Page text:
Job Title: Assistant Director Of Afterschool Program
Type of Company: I work in the afterschool program that is part of the school system.
Education: BS in Elementary Education
Previous Experience: I started as an aid in a family-run daycare, was a camp counselor during the college years, a nanny, a preschool teacher, and then I started working in an afterschool program 12 years ago and was promoted to Assistant Director two years ago.
Job Tasks: As the Assistant Director of an afterschool program, my responsibilities vary. My main focus is to provide an emotionally and physically safe after school environment for the 50 or so first and second graders that are enrolled in my program. I create all kinds of activities for the kids to do: cooking, science, art, cultural, physical education, as well as snack, recess, and homework time.
My mornings are spent working on planning activities and field trips, doing paperwork, emailing and talking to parents, collecting and recording tuition payments, creating newsletter and notices to alert parents as to what is happening month to month, shopping for program supplies, maintaining my program's web site, and other miscellaneous office duties.
Two main things that I work on throughout the year are the annual variety show and end-of-the-year Hawaiian Luau. These are two activities that have come to be cherished in our program. I guess you could say my job follows a broad spectrum of titles, from teacher to office/business manager to event planner. It's great!
Best and Worst Parts of the Job: The best parts of the job are the times I know that everyone is happy. I love doing new and fun things with the children, as well as some old ones. Talking with children one-on-one is wonderful, because I get to learn more about them. I have the opportunity to meet the first graders for the first time and then I have the privilege of watching them turn into second graders and watch how they develop and make new friends throughout the school year. I get to talk to the parents everyday and keep them informed of how their child is doing. I love planning games and projects, and the Internet has really become a great tool for that aspect of the job.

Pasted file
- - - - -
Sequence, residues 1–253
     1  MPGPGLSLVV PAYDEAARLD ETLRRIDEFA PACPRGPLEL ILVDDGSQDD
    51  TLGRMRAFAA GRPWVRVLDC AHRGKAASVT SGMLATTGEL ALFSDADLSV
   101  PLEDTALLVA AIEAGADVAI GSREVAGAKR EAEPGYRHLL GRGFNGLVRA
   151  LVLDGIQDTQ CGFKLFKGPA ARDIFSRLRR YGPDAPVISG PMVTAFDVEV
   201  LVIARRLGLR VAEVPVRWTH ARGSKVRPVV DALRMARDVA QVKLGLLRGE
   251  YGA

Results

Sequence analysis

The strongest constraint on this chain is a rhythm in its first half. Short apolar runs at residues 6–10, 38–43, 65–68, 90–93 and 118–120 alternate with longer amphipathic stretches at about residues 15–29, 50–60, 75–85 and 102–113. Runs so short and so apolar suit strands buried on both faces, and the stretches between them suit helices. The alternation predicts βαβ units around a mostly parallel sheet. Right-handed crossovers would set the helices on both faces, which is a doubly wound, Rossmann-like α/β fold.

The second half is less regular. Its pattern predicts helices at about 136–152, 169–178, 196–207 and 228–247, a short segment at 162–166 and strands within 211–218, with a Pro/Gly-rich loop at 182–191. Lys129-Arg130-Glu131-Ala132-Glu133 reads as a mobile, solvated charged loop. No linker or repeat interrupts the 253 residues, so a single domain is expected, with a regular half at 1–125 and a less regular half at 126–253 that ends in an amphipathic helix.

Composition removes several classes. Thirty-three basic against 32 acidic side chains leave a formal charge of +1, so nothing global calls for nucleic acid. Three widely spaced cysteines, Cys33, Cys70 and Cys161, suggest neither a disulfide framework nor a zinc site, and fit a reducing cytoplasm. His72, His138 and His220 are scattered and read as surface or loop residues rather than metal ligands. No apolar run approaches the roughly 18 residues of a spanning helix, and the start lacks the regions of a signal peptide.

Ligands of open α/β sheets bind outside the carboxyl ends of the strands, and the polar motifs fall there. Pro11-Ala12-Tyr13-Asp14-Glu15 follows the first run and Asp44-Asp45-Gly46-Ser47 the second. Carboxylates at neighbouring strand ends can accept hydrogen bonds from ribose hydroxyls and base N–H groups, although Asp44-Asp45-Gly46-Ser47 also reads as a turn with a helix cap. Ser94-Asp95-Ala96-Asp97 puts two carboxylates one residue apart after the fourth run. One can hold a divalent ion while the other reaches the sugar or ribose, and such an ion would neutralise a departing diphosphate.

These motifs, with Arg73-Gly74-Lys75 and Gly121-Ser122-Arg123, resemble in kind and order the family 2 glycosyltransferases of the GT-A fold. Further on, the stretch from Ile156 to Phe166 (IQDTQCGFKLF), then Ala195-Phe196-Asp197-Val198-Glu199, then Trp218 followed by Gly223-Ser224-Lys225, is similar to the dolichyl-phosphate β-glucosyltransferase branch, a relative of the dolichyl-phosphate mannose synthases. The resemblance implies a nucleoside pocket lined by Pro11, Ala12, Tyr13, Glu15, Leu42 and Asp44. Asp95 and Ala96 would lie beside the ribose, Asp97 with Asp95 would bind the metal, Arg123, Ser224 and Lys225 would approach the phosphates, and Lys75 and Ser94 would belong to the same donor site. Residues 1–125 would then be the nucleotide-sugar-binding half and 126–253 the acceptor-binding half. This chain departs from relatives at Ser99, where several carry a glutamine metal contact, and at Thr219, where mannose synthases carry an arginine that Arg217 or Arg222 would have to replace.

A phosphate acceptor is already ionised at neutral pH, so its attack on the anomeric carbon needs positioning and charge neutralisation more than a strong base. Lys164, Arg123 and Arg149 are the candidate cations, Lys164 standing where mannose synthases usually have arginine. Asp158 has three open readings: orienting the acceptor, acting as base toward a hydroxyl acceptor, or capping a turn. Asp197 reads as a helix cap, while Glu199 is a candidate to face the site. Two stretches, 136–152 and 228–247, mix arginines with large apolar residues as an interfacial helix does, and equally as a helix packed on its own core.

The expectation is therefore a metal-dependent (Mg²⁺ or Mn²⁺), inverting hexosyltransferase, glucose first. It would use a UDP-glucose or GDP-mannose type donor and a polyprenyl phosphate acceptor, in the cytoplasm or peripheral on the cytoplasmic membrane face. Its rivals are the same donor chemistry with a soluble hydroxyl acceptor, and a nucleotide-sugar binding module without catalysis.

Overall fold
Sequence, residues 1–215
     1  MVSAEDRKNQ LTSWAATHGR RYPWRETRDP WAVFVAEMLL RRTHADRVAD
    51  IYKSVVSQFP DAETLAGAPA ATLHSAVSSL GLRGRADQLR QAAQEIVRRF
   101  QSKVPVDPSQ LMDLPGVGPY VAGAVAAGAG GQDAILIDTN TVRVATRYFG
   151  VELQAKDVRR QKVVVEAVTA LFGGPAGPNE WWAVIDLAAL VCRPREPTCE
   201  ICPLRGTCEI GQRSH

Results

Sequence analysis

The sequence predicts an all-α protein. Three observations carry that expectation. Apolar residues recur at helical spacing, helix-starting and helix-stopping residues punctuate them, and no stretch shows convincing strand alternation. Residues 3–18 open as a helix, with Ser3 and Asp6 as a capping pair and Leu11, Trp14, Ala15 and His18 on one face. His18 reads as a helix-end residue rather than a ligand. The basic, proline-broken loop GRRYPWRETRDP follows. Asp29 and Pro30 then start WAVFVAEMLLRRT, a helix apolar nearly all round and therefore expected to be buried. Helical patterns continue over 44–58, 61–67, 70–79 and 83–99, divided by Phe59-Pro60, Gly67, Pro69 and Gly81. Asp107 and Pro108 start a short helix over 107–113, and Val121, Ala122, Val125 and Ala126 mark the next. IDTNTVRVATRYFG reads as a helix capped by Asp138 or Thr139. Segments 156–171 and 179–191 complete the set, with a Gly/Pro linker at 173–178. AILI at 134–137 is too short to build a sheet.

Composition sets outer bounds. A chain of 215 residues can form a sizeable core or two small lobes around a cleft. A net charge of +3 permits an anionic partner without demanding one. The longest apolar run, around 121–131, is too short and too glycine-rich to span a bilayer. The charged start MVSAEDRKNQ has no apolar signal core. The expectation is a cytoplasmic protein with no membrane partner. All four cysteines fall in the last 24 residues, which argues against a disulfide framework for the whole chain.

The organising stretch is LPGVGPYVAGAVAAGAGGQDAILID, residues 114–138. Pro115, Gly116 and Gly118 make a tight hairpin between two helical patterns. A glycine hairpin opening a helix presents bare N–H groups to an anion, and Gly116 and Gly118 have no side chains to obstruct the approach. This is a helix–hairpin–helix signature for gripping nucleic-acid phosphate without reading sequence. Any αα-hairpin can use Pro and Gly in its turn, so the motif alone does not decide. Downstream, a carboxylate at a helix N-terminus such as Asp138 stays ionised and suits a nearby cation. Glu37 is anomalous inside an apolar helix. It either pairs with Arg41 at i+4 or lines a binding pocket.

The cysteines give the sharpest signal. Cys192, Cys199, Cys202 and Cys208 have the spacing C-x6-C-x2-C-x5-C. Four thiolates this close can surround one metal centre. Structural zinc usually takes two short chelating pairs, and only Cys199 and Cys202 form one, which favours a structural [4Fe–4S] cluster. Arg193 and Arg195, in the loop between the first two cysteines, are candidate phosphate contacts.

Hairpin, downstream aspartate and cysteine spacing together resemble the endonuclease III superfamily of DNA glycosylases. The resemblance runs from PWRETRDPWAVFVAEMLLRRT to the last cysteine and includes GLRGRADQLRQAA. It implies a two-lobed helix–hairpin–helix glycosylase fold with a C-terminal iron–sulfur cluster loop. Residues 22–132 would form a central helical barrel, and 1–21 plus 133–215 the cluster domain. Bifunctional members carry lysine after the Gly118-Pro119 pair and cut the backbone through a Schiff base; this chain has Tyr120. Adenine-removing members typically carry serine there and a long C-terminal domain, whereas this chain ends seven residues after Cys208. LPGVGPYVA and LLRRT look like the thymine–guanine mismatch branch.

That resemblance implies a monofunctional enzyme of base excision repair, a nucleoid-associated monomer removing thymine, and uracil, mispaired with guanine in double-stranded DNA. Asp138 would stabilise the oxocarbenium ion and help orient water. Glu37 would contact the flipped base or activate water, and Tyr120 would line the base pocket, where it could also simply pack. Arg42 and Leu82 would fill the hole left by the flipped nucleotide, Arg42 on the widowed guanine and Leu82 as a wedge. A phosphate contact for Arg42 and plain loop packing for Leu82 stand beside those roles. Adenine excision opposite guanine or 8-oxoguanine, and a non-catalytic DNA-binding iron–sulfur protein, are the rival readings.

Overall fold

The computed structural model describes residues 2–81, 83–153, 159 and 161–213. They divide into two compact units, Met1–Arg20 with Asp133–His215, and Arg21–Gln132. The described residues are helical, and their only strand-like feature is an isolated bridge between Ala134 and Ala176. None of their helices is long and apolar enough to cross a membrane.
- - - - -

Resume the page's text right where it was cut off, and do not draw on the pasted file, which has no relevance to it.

I think one of the worst parts of the job is having to talk to a parent of a child that is having a behavior problem. I feel bad about it. I'm also not too fond of asking for tuition that is overdue. Sometimes I feel like a bill collector!
1. Working at an afterschool program, even one that is affiliated with a school, is often seen as "day care". The staff at my afterschool program are all licensed teachers, some with Master's degrees, some working towards Master's degrees, and a few that have many years of experience with children. Two pieces of advice here is to grow thick skin and always present yourself in a professional manner.
2. Take a lot of behavior management classes or workshops. There is no such thing as too much information in this area!
3. Learn how to become a great listener.
Additional Thoughts: I always thought that I would be a classroom teacher some day. When I started working in the afterschool program, it was part time, and I had still had hopes of having my own classroom. I started working full time in the kindergarten portion of our program (after two years part time) and I soon learned that there are many different kinds of teachers in the world, and working with the little ones before and after they went to kindergarten was a wonderful way to extend their day of learning and enrichment. After many successful years working the kindergartners, the program closed (due to the addition of full day kindergarten), and that's when I started working with the first and second graders. I am still experiencing the satisfaction that teaching brings to me on a daily basis. It doesn't get old; if it ever does, you're doing something wrong, or it's time for a change.
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